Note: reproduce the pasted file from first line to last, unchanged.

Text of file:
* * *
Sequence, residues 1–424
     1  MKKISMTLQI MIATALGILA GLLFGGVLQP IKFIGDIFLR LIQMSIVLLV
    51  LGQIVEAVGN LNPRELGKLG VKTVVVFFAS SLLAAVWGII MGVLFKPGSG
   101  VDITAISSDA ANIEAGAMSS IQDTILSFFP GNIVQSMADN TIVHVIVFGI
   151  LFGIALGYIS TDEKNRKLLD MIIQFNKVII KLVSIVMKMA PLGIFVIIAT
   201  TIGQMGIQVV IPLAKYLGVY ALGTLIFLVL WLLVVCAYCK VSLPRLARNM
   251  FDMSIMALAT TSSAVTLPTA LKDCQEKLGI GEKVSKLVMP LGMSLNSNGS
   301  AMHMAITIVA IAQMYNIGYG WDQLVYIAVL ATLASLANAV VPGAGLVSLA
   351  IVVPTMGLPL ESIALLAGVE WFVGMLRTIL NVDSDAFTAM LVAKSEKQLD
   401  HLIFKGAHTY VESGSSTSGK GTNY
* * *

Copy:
Sequence, residues 1–424
     1  MKKISMTLQI MIATALGILA GLLFGGVLQP IKFIGDIFLR LIQMSIVLLV
    51  LGQIVEAVGN LNPRELGKLG VKTVVVFFAS SLLAAVWGII MGVLFKPGSG
   101  VDITAISSDA ANIEAGAMSS IQDTILSFFP GNIVQSMADN TIVHVIVFGI
   151  LFGIALGYIS TDEKNRKLLD MIIQFNKVII KLVSIVMKMA PLGIFVIIAT
   201  TIGQMGIQVV IPLAKYLGVY ALGTLIFLVL WLLVVCAYCK VSLPRLARNM
   251  FDMSIMALAT TSSAVTLPTA LKDCQEKLGI GEKVSKLVMP LGMSLNSNGS
   301  AMHMAITIVA IAQMYNIGYG WDQLVYIAVL ATLASLANAV VPGAGLVSLA
   351  IVVPTMGLPL ESIALLAGVE WFVGMLRTIL NVDSDAFTAM LVAKSEKQLD
   401  HLIFKGAHTY VESGSSTSGK GTNY